IBD is still mainly a phenomenon of the Western world, but the incidence is increasing steeply in newly industrialised countries where the population is undergoing rapid urbanisation…
Dr Johan Burisch (Frederikssund, Denmark) discusses his presentations at ECCO – the cost-saving effect of biological therapy, and ‘East meets West’: the epidemiology of IBD.
Dr Johan Burisch (North Zealand Hospital, University of Copenhagen, Denmark) presented an abstract with updated cost data from the Epi-IBD cohort, which is a population-based inception cohort of patients diagnosed with UC or CD at 31 centres in 20 European countries during 2010. The cost analysis included clinical costs and direct costs of procedures, treatments, hospitalisation and surgery during a five-year follow-up period. A total of 1,362 patients were included in the analysis, the majority from centres in Western Europe.
The total annual costs decreased during the follow-up period: total CD costs decreased from around 5,500 EUR to just over 1,600 EUR per patient-year, and total UC costs decreased from around 3,600 EUR to just over 670 EUR per patient-year. In both indications, the cost of biological therapies increased dramatically, but all other costs decreased, suggesting that biologics have a cost-saving effect overall (OP15).
Although IBD is still mainly found in Western societies, the incidence and prevalence of both CD and UC are increasing rapidly in newly industrialised countries in Asia and South America. In a tandem talk on how the epidemiology of IBD is changing across the globe, Dr Burisch and Professor Siew Ng (Chinese University of Hong Kong, China) highlighted similarities and differences between different parts of the world that may hold clues to IBD pathogenesis. Dr Burisch reminded the audience that Europe currently has an average annual incidence of IBD of around 18 per 100,000 population, with considerable variation between countries and clear north/south and east/west gradients, and the incidence is increasing in many countries.
IBD in Europe is characterised by a peak in incidence around 20–25 years of age in CD and 25–30 years UC, higher incidence in women in most age groups, and most patients being diagnosed with luminal disease although a substantial proportion will progress and develop stricturing or penetrating disease and require surgery. Smoking is a major environmental risk factor contributing to IBD in the west: approximately one-third of CD patients are smokers at the time of diagnosis, and in UC one-third of patients diagnosed are previous smokers.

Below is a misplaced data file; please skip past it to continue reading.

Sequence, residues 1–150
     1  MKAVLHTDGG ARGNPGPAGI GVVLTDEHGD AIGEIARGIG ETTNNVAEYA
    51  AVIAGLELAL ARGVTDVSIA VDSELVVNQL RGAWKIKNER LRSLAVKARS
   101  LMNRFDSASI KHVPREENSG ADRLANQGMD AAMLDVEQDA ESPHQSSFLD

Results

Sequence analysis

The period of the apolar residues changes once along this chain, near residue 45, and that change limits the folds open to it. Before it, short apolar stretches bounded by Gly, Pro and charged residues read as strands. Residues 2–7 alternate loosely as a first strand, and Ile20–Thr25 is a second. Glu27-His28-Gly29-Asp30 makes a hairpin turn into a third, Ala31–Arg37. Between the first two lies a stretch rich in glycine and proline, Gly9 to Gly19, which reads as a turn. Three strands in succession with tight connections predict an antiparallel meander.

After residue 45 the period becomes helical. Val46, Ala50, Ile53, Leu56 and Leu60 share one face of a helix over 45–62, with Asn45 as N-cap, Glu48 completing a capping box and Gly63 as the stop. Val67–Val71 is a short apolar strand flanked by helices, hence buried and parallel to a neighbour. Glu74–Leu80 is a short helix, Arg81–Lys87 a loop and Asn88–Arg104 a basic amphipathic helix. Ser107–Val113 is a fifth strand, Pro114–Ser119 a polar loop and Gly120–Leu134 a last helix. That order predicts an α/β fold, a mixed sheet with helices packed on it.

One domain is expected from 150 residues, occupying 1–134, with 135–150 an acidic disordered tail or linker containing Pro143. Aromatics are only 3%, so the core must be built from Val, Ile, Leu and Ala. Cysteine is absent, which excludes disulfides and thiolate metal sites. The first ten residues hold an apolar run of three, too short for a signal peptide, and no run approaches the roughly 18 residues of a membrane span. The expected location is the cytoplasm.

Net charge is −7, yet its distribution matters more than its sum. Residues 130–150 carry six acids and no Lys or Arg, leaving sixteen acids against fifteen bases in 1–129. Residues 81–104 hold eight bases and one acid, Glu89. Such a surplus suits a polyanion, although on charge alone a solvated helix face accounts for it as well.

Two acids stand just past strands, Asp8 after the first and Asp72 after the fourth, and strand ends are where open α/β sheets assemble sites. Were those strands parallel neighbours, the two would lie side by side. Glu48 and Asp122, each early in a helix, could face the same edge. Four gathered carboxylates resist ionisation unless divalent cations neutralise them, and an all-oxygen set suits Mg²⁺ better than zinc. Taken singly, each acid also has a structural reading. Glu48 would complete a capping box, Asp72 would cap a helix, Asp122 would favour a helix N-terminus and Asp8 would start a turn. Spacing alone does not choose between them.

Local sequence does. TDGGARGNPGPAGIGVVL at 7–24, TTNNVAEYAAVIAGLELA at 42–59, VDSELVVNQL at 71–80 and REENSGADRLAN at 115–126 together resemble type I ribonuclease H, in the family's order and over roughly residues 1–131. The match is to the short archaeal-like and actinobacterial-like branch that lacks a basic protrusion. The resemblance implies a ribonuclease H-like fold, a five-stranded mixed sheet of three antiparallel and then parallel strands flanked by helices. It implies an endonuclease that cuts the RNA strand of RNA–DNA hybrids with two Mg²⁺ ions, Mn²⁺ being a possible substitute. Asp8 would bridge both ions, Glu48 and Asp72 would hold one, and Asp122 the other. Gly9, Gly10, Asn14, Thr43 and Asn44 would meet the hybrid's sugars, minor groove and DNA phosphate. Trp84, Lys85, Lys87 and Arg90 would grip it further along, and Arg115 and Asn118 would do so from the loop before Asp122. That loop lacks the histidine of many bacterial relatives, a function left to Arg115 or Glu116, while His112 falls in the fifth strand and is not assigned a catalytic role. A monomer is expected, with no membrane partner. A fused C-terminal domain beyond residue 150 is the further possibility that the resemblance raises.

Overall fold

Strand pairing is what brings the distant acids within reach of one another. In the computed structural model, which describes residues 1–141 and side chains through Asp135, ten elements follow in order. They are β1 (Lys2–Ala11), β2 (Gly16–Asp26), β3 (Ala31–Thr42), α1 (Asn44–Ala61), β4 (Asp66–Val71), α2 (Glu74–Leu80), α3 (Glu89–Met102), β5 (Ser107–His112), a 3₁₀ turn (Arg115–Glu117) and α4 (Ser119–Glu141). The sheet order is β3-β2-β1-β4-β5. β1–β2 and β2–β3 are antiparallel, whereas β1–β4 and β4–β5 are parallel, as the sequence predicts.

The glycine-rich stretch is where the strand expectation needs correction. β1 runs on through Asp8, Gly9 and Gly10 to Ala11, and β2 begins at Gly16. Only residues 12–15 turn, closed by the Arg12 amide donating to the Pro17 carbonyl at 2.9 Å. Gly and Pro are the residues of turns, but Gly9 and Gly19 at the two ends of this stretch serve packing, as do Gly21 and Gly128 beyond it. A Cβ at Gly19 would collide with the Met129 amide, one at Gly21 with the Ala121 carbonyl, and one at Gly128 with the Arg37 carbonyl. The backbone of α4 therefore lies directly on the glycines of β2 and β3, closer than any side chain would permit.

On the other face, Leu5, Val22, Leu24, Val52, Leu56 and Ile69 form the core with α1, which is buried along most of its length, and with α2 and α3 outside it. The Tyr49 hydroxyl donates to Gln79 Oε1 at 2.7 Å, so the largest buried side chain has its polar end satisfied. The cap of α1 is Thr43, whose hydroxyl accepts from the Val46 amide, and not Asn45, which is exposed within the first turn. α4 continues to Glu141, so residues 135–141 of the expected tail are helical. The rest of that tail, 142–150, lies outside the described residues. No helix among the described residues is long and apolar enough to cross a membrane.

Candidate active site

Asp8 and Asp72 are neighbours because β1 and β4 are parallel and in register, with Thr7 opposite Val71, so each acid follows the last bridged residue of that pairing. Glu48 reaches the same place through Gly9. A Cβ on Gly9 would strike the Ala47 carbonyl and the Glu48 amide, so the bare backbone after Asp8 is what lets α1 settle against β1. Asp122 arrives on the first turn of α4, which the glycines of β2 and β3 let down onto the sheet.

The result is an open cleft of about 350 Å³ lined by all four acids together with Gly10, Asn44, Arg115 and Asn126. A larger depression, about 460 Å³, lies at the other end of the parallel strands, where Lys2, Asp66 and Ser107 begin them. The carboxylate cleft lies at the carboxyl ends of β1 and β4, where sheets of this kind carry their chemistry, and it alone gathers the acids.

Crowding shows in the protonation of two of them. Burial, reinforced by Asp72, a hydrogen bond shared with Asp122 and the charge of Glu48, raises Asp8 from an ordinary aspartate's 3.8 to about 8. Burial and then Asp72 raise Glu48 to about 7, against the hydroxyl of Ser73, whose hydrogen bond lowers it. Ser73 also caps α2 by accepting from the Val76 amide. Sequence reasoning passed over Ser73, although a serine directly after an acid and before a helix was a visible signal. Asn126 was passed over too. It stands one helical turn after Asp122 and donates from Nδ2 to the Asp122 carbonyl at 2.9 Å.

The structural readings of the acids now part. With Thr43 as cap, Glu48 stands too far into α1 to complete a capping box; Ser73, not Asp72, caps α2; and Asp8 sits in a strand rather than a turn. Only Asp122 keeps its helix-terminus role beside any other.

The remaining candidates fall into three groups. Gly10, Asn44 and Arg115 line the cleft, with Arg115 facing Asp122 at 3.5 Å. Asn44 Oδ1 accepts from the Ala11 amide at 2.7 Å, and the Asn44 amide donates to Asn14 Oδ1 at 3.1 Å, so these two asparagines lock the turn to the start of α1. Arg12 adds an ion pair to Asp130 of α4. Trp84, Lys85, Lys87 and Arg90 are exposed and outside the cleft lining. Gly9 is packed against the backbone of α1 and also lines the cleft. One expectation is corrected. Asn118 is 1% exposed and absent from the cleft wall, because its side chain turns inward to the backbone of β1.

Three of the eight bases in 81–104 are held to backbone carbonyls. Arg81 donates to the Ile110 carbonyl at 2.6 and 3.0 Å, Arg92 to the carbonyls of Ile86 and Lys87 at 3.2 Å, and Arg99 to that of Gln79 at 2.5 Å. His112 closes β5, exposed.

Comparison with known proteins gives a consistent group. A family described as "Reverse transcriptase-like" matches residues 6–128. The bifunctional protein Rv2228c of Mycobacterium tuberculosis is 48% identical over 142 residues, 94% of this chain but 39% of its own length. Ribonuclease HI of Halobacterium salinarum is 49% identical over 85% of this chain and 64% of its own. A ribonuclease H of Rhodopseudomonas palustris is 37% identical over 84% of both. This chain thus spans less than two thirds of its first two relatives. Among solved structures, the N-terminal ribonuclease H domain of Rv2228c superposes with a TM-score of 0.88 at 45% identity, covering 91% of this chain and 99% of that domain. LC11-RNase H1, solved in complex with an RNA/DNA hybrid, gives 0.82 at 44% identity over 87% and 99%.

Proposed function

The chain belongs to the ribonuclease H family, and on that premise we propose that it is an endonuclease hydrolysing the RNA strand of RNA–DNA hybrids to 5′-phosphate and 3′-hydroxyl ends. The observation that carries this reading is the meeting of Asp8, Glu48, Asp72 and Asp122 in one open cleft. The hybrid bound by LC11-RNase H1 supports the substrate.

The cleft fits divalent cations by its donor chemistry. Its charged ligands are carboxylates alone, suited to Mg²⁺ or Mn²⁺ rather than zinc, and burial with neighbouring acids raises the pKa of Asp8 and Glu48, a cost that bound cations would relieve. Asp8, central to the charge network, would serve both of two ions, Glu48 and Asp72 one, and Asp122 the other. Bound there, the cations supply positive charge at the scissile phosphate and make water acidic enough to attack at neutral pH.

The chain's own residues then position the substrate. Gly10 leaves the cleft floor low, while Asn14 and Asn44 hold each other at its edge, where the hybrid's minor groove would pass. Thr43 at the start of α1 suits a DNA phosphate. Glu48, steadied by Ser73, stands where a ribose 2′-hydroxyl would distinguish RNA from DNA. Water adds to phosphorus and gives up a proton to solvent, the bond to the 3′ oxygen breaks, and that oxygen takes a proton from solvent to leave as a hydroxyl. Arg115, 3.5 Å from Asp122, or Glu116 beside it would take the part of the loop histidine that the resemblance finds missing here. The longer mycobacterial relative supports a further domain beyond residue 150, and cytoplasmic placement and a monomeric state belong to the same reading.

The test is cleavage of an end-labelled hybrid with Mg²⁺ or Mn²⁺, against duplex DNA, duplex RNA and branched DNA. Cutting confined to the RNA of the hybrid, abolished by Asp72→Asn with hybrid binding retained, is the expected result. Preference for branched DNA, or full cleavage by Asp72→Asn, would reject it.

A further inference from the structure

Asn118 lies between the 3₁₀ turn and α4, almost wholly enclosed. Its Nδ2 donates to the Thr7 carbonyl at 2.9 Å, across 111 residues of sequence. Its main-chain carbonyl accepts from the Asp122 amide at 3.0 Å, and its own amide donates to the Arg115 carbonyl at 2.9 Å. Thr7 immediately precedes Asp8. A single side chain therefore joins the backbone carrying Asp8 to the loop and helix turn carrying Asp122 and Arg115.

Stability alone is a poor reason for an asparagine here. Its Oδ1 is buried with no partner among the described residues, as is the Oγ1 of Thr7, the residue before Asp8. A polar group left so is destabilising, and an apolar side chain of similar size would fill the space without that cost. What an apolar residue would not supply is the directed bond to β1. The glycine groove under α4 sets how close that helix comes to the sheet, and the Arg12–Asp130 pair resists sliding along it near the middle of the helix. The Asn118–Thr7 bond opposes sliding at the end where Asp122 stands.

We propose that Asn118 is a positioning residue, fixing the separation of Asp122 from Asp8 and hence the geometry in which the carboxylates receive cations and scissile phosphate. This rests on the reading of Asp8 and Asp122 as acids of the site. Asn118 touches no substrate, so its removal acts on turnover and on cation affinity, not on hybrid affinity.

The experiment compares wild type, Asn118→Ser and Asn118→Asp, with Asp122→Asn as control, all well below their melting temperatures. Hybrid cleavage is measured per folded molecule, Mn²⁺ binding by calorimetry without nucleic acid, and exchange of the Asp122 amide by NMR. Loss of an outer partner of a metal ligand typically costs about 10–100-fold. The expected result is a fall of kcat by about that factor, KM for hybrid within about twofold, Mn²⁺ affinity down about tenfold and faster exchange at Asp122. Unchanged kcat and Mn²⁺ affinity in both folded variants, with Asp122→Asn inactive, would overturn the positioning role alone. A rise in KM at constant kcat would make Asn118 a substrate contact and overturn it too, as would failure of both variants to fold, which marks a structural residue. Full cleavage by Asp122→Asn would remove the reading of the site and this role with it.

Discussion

In newly industrialised countries, the incidence of IBD is increasing rapidly and is by all accounts far from peaking. Professor Ng showed data from South Korea that the incidence of CD and UC increased by 14% and 9.5%, respectively, from 1991 to 2005, and likewise in Brazil, CD and UC increased by 11% and 15%, respectively, from 1990 to 2012. Data from the ACCESS inception cohort which covers 25 IBD centres in 12 countries across the Asia-Pacific region shows great variation between countries in terms of IBD incidence, from 0.7 per 100,000 in Thailand to more than 3 per 100,000 in parts of China.
The increase in incidence is seen not only in the paediatric population but also for example in elderly-onset UC, and there is a clear trend that countries with higher population densities and higher GDP – that is, countries with a higher degree of urbanisation – have higher IBD incidence. Unlike in the west, male patients predominate in most age groups in both UC and CD, and the prevalence of perianal CD is higher among black and Asian populations which suggests there may be differences in the genetic profile of CD between different populations.
Overall, Professor Ng stressed that CD in Asia is as complicated and in need of immunosuppression as in the west, whereas UC tends to be less severe and less likely to require early colectomy. The role of smoking in CD is something of a paradox in newly industrialised societies. Smoking rates in western countries with high CD prevalence tend to be low, and the proportion of patients diagnosed with CD who have never smoked is increasing. In contrast, many newly industrialised countries have high smoking rates and falling numbers of CD patients who have never smoked at diagnosis.
Another key environmental risk factor for developing IBD in newly industrialised countries is the diet since urbanisation tends to diminish microbial diversity and encourage pro-inflammatory species. A case-control study of 795 individuals who had migrated from the Middle East to Australia showed the importance of early life events for developing IBD. Among the migrant population, childhood hygiene factors such as having lived in a rural area, shared a bedroom, or looked after farm animals or pets were associated with significantly lower likelihood of having CD or UC, whereas no such correlation was seen among indigenous Australians. Professor Ng speculated that the way rapid urbanisation is reflected in the human microbiome is an important component in the development of IBD.
Based on presentations at the 14th Congress of ECCO, 6–9 March 2019, Copenhagen, Denmark.